Around one in five children and young people in the UK experience emotional and behavioural problems according to the first findings from a survey of over 30,000 young people (aged 11 to 14), which were collected as part the National Lottery-funded HeadStart programme.
Pupils in the 114 participating HeadStart schools were asked to complete the online Wellbeing Measurement Framework. This report, by Jessica Deighton and colleagues, explores the data related to the prevalence of mental health problems in young people and how this varies by gender, ethnicity, special educational needs status, free school meal eligibility, and child-in-need status. The findings reveal that:
- Pupils in Year 9 are more likely to report mental health problems than those in Year 7.
- Girls are more likely to say they had experienced emotional problems (with 25% of girls saying they had a problem compared to 11% of boys) but in contrast, boys are more likely to say they have experienced behavioural problems (with 23% of boys saying they had experienced them compared with 15% of girls).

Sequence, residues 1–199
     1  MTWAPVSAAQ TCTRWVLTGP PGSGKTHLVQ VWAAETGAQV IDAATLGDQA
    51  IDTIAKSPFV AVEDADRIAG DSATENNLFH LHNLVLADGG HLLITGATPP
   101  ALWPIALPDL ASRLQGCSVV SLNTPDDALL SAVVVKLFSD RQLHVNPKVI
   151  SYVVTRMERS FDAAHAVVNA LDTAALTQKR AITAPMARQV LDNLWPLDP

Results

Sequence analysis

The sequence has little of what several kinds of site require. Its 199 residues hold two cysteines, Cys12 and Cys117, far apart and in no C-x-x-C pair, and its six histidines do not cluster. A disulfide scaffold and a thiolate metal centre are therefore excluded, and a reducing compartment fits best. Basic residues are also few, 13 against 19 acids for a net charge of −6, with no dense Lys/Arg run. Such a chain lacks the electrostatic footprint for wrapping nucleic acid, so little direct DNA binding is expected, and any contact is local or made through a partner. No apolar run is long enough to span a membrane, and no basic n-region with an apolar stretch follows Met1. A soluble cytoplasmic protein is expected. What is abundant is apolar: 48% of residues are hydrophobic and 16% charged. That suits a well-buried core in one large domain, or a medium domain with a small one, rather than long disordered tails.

- Pupils from Asian, Black, Mixed, and other ethnic groups were less likely to indicate they were experiencing emotional problems than young people in the White ethnic group.
- Pupils with special educational needs, those eligible for free school meals, and those classified as children in need were also more likely to say they were experiencing both emotional and behavioural problems.
The report concludes that there is a consistent association between deprivation and mental health problems, however, the schools involved in HeadStart are typically located in less socially and economically advantaged areas of the UK and differ from the national average in terms of proportions with special educational needs and proportions of white pupils, so all results must be understood in this context.
Source: Mental health problems in young people, aged 11 to 14: Results from the first HeadStart annual survey of 30,000 children (January 2018), Evidence Based Practice Unit (EBPU) Evidence Briefing #1:11